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ISSUE 117 VOL 5 PUBLISHED 10/17/2003

Fall concert brings world Peas

By Molly Bayrd
Variety Editor


Friday, October 17, 2003

Normally, one wouldn’t think that a song called “Let’s Get Retarded” would be such a crowd pleaser. However, when the multi-ethnic hip-hop group Black Eyed Peas (BEPs) performed in Skoglund on Saturday night, their politically incorrect song threw the majority of the sizable concert crowd into a mosh pit-like frenzy.

That’s not to say that “Let’s Get Retarded” was the only song to incite some serious movement in the audience. In fact, quite the opposite was true. In a refreshingly funky Fall Concert appearance, the dynamic quartet brought a decidedly eclectic and powerful presence to the Skoglund stage. They opened with the rousing “Hands Up” and delivered a strong and enthusiastic set from there on out.

The Los Angeles-based group, which consists of the unusually named (but supremely talented) members Will.I.Am, Apl.de.Ap, Taboo and Fergie, spiced up their solid set with arm waving, break dancing and genuine soul. Mostly, the group showcased tunes from their 2003 album “Elephunk,” including the upbeat “Labor Day,” “Smells Like Funk,” “The Boogie That Be” and the recently-released single “Shut Up.”

Will.I.Am and Apl.de.Ap began performing together in 1989, but the group known as Black Eyed Peas didn’t come into being until 1995. It wasn’t until 1998, the year that their debut album “Behind The Front” was released, that BEPs received any serious recognition.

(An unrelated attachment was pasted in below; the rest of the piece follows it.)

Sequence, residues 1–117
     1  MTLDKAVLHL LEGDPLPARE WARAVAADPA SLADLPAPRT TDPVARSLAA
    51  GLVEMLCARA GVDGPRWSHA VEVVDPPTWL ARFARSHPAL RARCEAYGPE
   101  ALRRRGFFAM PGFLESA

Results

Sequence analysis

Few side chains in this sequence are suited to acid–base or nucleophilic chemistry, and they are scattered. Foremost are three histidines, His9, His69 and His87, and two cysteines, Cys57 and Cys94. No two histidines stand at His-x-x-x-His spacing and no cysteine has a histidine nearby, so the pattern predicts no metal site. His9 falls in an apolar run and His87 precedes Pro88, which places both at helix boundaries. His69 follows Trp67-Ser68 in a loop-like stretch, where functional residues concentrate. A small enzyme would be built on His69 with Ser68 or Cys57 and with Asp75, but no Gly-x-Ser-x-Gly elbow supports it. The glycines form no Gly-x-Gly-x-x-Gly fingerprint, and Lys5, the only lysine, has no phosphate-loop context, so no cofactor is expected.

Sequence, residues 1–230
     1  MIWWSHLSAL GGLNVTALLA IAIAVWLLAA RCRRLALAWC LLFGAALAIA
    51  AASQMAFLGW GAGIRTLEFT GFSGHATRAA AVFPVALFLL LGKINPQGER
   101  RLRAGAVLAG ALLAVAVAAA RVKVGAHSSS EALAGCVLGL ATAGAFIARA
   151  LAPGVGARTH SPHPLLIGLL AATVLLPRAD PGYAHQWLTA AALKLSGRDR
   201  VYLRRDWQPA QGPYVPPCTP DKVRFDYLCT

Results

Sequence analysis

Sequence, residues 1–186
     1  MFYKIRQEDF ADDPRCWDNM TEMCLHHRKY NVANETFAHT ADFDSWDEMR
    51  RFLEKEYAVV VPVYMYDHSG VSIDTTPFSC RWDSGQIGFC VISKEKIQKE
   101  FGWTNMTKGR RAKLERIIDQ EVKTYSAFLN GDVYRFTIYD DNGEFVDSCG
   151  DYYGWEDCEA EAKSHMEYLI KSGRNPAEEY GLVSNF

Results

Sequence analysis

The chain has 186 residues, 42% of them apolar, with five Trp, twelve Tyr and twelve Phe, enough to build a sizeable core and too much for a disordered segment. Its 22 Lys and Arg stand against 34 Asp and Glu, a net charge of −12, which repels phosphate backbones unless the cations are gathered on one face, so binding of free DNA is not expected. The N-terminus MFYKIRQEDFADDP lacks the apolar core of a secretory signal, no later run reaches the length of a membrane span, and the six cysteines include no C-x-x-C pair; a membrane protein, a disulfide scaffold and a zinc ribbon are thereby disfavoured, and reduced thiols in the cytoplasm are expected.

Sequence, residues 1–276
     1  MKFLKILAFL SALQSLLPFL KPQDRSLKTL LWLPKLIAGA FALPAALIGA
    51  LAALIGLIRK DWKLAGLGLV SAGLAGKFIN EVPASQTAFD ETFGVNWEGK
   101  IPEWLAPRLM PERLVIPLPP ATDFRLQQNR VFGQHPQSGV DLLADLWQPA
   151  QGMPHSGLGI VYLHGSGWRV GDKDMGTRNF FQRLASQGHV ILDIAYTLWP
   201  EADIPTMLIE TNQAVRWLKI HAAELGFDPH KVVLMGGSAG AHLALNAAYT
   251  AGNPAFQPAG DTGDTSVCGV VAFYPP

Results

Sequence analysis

Two years later, the group came out with “Bridging the Gap,” an album that featured the successful tune “Hey Mr. DJ.” The group paid homage to their seasoned hit on Saturday night; they teased the audience with a short sampling of “DJ,” along with an encore medley of such songs as Beyoncé Knowles’s “Crazy in Love.”

As is the case with most radio hits, the popular single “Where is the Love,” garnered the most enthusiasm from the dwindling crowd (the tune was BEPs last before the encore). Despite Justin Timberlake’s noticeable absence on the song’s refrain, the audience was thrilled to hear the familiar tune, and all passionately danced and sang along.

The BEPs weren’t the only laudable act of the evening, however; Illuminous 3 and 3 Kings (two of the several opening acts) also delivered solid and charismatic performances. With fast-paced beat-boxing and quicker-than-lightning lyrical stylings, 3 Kings nearly stole the show from BEPs.

Bringing a much-anticipated change of pace to St. Olaf’’s Fall Concert, Black Eyed Peas seemed eager to please their diverse audience and packed a powerful punch from the moment they hit the stage. Their onstage party didn’t stop when their music did, however; the group visited a few after-hours events at two honor houses and stopped by the L&M. Whether or not they took any late-night song requests remains a mystery, but it is likely that the group was just as entertaining off the stage as they were on it.





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